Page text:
We’ve written a full post on car rental Zagreb if you would like to read more.
Zagreb Airport transfers
For those of you who arrive to Zagreb by plane, but not plan to rent a car in Zagreb airport, information on transfers from the airport to the town can be valuable.
A shuttle bus runs between Zagreb airport and Zagreb’s central bus station. The shuttle always follow flights timetable. They run from 4 am to 10.30 pm, majority of time (but not always) every half an hour. You can check full timetable following this link. The one-way ticket costs 30 Kn (approx. 4 €). If you are in transit in Zagreb, and have just a couple of hours to visit the town, return daily ticket costs 40 Kn (approx. 5.5 €).
You can take a taxi from the airport to the town. However, only certain taxis are allowed to station at the airport, and they normally charge more for the ride than if you book a transfer ahead, and have your driver wait for you.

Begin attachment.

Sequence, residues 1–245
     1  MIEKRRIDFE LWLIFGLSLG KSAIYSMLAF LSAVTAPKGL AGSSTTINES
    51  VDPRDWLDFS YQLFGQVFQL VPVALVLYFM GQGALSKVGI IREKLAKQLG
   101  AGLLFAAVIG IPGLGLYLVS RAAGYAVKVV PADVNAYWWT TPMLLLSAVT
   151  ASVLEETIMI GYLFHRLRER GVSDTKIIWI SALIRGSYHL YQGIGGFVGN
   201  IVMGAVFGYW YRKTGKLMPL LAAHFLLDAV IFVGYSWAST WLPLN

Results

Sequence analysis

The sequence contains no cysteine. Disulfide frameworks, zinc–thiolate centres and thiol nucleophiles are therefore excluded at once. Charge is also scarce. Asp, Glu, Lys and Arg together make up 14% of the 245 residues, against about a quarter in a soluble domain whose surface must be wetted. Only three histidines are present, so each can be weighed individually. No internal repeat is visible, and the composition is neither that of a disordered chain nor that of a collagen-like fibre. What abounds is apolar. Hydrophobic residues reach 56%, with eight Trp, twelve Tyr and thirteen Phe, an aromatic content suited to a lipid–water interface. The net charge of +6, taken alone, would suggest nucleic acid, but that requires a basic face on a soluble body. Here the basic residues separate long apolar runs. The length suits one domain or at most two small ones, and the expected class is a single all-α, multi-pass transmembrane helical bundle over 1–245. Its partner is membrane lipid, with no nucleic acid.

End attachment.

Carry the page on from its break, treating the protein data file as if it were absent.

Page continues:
Expect to pay for a taxi ride from the airport to Zagreb central bus station with official taxi around 210 Kn (approx. 30) while transfers booked in advance cost around 150 Kn (approx. 20 €).
Official taxi charges 16 Kn a start, and additional 9 Kn per kilometre, while UberX, for example, charges 6 Kn for a start, and 3,6 Kn per kilometre.
Recommended travel guides
- Fodor’s Croatia Travel Guide (we are co-authors!).
- Lonely Planet Croatia Travel Guide
- Rick Steves’ Croatia & Slovenia
Zagreb travel blog
- Zagreb Travel Guide
- Where to stay in Zagreb
- Car Rental in Zagreb
- Must-try Zagreb restaurants
- Best restaurants for lunch in Zagreb
- Five best places for beer in Zagreb
- Zagreb itineraries for travelers not tourists
- Advent in Zagreb
- A quick guide to Zagreb for couples
- Souvenirs to buy in Zagreb
- Today spotlight: Dolac Market
- Bistroteka Zagreb
- Mali Bar, a cozy bistro with yummy food
- Restaurant Mano
What other things to do in Zagreb would you suggest to add to our list? As always, if you have any comments, questions, or suggestions, please leave them in comments below.